At the time and for about a year after the turnaround, there appeared to be wide-ranging, all-party agreement that Germany would lead the way in Europe
“Onshore wind and PV won it.” Renewables were generating 20 percent of Germany’s electricity needs; the clean energy industry employed 380,000 people, many of them in depressed eastern Germany; clean energy co-ops were sprouting up all over the country; and government at all levels was cashing in on tax revenues from the booming industry. The rest of the world had also taken note of Germany’s energy revolution, sending foreign delegations one after another to energy independent villages like Feldheim in Brandenburg or the energy-progressive college town of Freiburg. (I even ran into a North Korean delegation at Feldheim!) Merkel was touted as “the Energiewende chancellor” and countries across the planet were putting in place feed-in-tariff schemes along the lines of that in Germany.

Since then, Germany’s clean energy transition hasn’t stopped breaking one record after another in terms of zero-carbon electricity production. But the success has spelled consequences that the Merkel government simply wasn’t prepared for, banking as it originally had been on the prolongation of nuclear power. The government didn’t have a policy agenda in a bottom drawer to address pressing issues like the out-dated transmission system, the Cold War-era electricity market, the out-of-date Renewable Energy Sources Act, and other key issues all of which demanded engagement as a result of the epic shift underway in Germany’s energy system. Since then, the government has thus often looked unsure of itself and hesitant, as well as divided within itself as to the direction it wants to go. This indecision has been exacerbated by the replacement of the green-minded Norbert Roettgen with the less-convinced Peter Altmaier as environment minister.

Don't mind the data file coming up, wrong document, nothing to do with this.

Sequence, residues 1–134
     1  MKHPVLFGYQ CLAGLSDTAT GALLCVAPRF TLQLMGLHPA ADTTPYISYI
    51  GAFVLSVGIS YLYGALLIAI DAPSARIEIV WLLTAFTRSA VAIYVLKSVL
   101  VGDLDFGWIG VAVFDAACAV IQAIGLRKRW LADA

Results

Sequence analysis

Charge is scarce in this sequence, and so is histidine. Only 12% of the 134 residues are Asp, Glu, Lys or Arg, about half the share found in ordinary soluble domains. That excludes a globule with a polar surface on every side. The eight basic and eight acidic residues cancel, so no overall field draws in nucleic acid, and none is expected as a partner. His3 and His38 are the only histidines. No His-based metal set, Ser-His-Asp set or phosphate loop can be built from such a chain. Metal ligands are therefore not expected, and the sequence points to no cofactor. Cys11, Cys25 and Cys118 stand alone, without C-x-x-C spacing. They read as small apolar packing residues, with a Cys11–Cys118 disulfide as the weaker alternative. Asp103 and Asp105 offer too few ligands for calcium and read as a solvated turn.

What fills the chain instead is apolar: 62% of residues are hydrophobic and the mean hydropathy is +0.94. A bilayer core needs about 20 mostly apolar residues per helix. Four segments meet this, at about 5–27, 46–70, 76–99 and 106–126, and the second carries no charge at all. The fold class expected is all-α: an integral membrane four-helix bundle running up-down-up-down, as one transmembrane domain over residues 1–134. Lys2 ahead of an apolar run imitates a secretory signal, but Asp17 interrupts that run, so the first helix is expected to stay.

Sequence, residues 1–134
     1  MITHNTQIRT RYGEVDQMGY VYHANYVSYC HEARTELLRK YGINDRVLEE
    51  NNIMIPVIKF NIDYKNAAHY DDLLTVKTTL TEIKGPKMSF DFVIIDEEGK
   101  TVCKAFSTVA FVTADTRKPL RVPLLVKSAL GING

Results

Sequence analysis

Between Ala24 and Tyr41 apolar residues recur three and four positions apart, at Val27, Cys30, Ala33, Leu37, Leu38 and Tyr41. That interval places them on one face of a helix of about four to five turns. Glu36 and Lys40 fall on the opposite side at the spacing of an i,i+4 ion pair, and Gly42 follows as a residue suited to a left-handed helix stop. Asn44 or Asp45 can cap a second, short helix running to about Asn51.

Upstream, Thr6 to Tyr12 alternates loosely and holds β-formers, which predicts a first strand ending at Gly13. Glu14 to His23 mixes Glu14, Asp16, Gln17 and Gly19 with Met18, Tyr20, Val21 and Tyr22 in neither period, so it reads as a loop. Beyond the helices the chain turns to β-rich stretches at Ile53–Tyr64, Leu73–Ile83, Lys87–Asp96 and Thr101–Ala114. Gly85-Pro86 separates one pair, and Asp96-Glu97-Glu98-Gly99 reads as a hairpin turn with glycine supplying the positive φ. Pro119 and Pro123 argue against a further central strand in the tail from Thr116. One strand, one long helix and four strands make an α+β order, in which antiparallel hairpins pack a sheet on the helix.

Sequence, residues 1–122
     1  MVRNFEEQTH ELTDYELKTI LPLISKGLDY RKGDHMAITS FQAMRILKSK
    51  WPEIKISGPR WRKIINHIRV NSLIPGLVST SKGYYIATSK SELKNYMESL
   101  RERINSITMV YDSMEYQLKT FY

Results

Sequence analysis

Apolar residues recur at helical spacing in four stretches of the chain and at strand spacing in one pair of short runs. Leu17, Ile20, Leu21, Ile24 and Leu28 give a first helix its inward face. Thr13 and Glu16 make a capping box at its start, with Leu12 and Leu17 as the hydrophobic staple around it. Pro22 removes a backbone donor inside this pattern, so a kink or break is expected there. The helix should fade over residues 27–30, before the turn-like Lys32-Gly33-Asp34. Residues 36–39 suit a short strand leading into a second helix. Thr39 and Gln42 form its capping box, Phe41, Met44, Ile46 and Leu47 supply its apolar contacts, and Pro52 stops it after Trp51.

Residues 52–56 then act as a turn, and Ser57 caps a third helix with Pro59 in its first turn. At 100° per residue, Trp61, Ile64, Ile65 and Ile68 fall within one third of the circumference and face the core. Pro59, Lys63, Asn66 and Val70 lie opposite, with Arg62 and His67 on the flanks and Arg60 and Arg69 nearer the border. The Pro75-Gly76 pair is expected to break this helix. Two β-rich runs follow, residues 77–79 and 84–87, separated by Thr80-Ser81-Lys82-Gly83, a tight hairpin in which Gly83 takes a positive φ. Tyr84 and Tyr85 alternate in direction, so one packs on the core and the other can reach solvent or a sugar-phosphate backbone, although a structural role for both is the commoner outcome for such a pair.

In this limbo, important aspects of this fragile consensus have eroded over the last year. One exception is the nuclear phaseout: There’s no longer any serious advocate of nuclear power with clout enough to reverse Merkel’s Fukushima u-turn. Rather, the energy hawks, led by the economics minister Philipp Roesler, have pulled out the stops to brake the expansion of renewables, block energy efficiency initiatives, and undermine the EU’s carbon emissions trading scheme.

Ostensibly, this has been done in the name of free market economics and the interests of Germany industry. Yet, the arguments relied upon are specious at best. Over the course of the last two winters, the Energiewende’s opponents have warned in the shrillest tones that relying so heavily on PV and onshore wind would cause blackouts and power outages, leaving German industry prostate and German citizens freezing in their homes.